The final volume in the extraordinary speculative fiction trilogy - a decade in the making - from one of the greatest writers in the English language today.
By the author of The Handmaid's Tale and Alias Grace
Toby, a survivor of the man-made plague that has swept the earth, is telling stories.
Stories left over from the old world, and stories that will determine a new one.
Listening hard is young Blackbeard, one of the innocent Crakers, the species designed to replace humanity. Their reluctant prophet, Jimmy-the-Snowman, is in a coma, so they've chosen a new hero - Zeb, the street-smart man Toby loves. As clever Pigoons attack their fragile garden and malevolent Painballers scheme, the small band of survivors will need more than stories.
Margaret Atwood also has the really fine writer's light-footed ability to keep dancing around her characters . . . moving, but also very funny . . . MaddAddam is an extraordinary achievement - Independent on Sunday
Atwood has brought the previous two books together in a fitting and joyous conclusion . . . Atwood's prose miraculously balances humor, outrage and beauty . . . This finale to Atwood's ingenious trilogy lights a fire from the fears of our age, then douses it with hope for the planet's survival - New York Times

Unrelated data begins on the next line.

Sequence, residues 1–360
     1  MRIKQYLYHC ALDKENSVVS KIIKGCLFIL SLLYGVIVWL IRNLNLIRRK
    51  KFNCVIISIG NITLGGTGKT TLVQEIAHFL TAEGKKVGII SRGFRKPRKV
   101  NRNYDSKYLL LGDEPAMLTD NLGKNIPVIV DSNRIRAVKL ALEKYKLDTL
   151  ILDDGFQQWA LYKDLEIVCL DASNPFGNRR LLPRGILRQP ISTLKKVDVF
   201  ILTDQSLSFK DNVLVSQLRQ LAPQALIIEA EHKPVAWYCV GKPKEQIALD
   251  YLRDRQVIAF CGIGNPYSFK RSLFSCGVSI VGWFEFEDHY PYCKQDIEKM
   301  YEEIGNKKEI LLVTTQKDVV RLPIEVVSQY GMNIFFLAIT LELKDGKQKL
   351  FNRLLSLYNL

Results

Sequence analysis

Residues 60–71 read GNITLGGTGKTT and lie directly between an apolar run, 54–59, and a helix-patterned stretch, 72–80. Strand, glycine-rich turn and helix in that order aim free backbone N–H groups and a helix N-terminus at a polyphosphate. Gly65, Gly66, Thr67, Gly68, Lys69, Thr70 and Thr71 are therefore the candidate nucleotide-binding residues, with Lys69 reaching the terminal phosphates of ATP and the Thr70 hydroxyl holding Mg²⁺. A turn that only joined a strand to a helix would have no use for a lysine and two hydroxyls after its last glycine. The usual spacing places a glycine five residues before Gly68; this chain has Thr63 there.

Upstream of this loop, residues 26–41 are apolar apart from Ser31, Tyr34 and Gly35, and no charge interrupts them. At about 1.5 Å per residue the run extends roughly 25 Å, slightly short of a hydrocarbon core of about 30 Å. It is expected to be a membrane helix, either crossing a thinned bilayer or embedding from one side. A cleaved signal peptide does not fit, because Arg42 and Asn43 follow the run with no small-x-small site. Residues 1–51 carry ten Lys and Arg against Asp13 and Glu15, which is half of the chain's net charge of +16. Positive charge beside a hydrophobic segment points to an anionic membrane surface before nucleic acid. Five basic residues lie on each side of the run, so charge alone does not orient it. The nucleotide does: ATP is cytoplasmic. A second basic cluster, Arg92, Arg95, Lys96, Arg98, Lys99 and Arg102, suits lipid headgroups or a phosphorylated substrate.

There are few writers able to create a world so fiercely engaging, so funny, so teeming - ironically - with life. MaddAddam is ultimately a paean to the enduring powers of myth and story, and like the sharpest futuristic visions, it's really all about the here and now - Daily Mail
A haunting, restless triumph . . . A writer of virtuoso diversity, with an imagination that responds as keenly to scientific concerns as it does to the literary heritage in which she is steeped . . . A dystopia over which Atwood sets swirling a glitterball of different kinds of fiction - Sunday Times
Margaret Atwood is the author of more than thirty books of fiction, poetry and critical essays. The Handmaid's Tale, Cat's Eye and Alias Grace have all been shortlisted for the Booker Prize, and now Oryx and Crake for the 2003 Booker prize. She has won many literary prizes in other countries.